It looked like this…
But it reads like this…
Two laps, as I said. It started with the up from the school, a hill only second to the first hill of Portland, then right and country paths, country lanes and farmland including the famous sausage roll stop. A few cheeky rolling hills taking us west before turning back toward the sea. Here you run through Friston and hit this downhill that goes on for about a mile. You can really make up the time here that you lost on the hill and then you are out and onto the seven sisters, up and down and up and down, the Beachy Head pub appearing on the horizon at the apex of the final up before the downhill that leads to the finish and the turnaround point.
I had noticed that there were no timing mats on the first half of the route and plenty of opportunity the closer you got to half way to cheat. You could at any point on the seven sisters head over the heather and sit and wait for a while then pretend you are on the second lap, you could head into the Beachy Head pub, have a full pub lunch, several pints, warm up, thaw out then hop back on the course a few hours later and waltz down the hill to the finish. Or so it seemed.
As I made the turn onto the second lap (there was no way on God’s green Earth I was going to cheat) I saw this group of 3 runners deciding exactly that. They were muttering, huddled away from the course, looking sheepish. My arrival prompted them into action and two ran off the course and back towards the finish, the third looked very guilty and then ran by me, around the corner and there, to her horror, and my joy, was the half way timing mat. The girl looked back to where her friends were disappearing into the distance. And later, when home I messaged the race organisers to say anyone without a half way split cheated and should be disqualified, and shame on them.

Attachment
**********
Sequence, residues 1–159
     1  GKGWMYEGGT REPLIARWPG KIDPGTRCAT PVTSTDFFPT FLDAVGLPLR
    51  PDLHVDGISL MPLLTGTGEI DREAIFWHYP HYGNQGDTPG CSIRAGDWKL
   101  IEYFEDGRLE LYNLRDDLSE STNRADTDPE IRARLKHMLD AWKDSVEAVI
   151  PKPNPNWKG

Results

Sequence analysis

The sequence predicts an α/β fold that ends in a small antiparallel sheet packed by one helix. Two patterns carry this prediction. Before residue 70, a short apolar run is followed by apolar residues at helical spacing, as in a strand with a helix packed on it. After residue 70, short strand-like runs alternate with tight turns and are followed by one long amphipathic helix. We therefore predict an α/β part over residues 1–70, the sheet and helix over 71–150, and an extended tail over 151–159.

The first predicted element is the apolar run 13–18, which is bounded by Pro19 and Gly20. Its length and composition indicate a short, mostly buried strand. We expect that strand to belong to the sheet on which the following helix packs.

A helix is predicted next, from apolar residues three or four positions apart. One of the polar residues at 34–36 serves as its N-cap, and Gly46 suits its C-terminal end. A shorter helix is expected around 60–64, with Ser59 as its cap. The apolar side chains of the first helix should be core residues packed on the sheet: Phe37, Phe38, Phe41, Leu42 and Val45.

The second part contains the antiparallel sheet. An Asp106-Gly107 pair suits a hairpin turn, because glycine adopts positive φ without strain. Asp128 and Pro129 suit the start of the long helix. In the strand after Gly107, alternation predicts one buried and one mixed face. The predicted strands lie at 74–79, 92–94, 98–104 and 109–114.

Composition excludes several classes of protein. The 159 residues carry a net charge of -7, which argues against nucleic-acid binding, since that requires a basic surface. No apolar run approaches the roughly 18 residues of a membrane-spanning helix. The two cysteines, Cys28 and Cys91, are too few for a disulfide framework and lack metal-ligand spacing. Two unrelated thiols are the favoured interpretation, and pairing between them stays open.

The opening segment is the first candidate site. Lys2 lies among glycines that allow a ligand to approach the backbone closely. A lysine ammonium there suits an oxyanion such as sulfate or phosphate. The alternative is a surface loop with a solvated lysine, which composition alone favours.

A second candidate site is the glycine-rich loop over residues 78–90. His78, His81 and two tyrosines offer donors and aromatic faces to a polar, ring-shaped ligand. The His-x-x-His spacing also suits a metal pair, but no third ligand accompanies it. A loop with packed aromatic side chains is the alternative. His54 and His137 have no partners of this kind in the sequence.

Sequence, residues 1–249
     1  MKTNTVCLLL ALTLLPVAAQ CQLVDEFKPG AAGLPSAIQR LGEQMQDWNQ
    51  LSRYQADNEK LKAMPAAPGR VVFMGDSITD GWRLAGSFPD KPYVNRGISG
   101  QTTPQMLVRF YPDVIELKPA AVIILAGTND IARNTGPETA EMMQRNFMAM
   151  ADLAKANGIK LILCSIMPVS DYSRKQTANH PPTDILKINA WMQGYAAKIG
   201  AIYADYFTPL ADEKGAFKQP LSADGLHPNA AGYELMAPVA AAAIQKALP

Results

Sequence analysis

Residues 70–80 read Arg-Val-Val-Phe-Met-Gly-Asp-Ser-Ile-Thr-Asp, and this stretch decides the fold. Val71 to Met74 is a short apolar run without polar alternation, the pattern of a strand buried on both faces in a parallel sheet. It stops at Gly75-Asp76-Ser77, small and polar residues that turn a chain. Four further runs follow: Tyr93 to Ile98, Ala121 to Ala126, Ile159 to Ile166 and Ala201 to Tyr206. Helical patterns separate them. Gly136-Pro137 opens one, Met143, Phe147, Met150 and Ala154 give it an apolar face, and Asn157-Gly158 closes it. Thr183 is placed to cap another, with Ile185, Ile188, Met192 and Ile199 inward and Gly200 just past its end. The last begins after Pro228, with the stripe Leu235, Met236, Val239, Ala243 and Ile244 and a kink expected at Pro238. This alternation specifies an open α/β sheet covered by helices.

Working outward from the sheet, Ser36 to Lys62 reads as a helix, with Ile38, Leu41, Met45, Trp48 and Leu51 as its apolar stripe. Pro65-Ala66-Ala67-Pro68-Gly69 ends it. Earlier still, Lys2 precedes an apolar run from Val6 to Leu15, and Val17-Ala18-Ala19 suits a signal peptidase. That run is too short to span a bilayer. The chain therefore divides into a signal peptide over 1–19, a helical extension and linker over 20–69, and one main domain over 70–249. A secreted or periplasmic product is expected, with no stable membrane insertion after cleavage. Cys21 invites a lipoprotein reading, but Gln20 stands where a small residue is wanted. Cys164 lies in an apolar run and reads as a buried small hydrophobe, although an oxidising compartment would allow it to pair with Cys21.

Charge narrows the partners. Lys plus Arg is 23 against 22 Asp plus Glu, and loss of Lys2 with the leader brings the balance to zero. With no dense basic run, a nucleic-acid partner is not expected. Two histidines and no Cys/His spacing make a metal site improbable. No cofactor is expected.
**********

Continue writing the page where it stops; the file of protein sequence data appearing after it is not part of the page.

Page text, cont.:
Cheats aside, the second biggest annoyance came twice, and between Friston and the start of the Seven Sisters as we crossed open farmland. The wind had gotten up and I felt a spider web on my arm despite being nowhere near trees or bushes. I bushed it off and kept running then noticed the spider on my wrist. I brushed that off too. A little way along same thing, but the other arm, then my face and neck. I was brushing away invisible webs and must have looked madder than someone who believes keto is good for you. A spider then lowered itself into my field of vision from the peak of my cap. That one was also brushed off. Kyla was also mention the spiders, as would a couple of marshals. Given nothing else was around I am guessing they let out a thread of web and then launched themselves into the wind to find a new lair. SHUDDERS!
And then, after starring in a miniature sequel to Arachnophobia, I was back on the Seven Sisters, up and down and up and down, as Rach finished first, beating Lew by 10 mins, before Jimbo and then Kyla came through before me. Still, I am not in competition with them. I am in competition with the course, the distance, spiders, the cheats and myself. Oh, and my time? I managed to beat my 2020 finish time, which was my only real time goal, by 13 minutes. Not brilliant but, with my waning levels of fitness, I will take it. And then to the pub in time for beer and medals.
And even though I wore new unproven Hoka One One Speedgoats for the race, and a regular t-shirt from Razor Storm the only injury I ended up with was the standard mild chafing on my…
I remember commenting back in 2016 that the medal was tiny, and it was. Last year was the 40th running and was a big number 40, this year it is more traditional and has already been chucked with the others in the boxes.
I actually preferred this running of the Beachy Head marathon to last year. 2016 is too far back for me to remember it fully, but I do recall it all being new and fun. Last year was a shambles, bad weather, the tough old course, I was slow to a point of insulting, so I feel like I put some demons to bed. Closure if you like. I got closure on GMU at my 4th running this year and now closure on Beachy, and we had a cracking team weekend too.
As far as the race goes I would be tempted to go back if they used this course again next year but I feel that is unlikely.
WOULD I RUN THE BEACHY HEAD MARATHON AGAIN? No
WOULD I RECOMMEND THIS BEACHY HEAD MARATHON? If you like a challenge.
The Scores on the Doors
Scored worse than last year because of technicalities but I preferred it.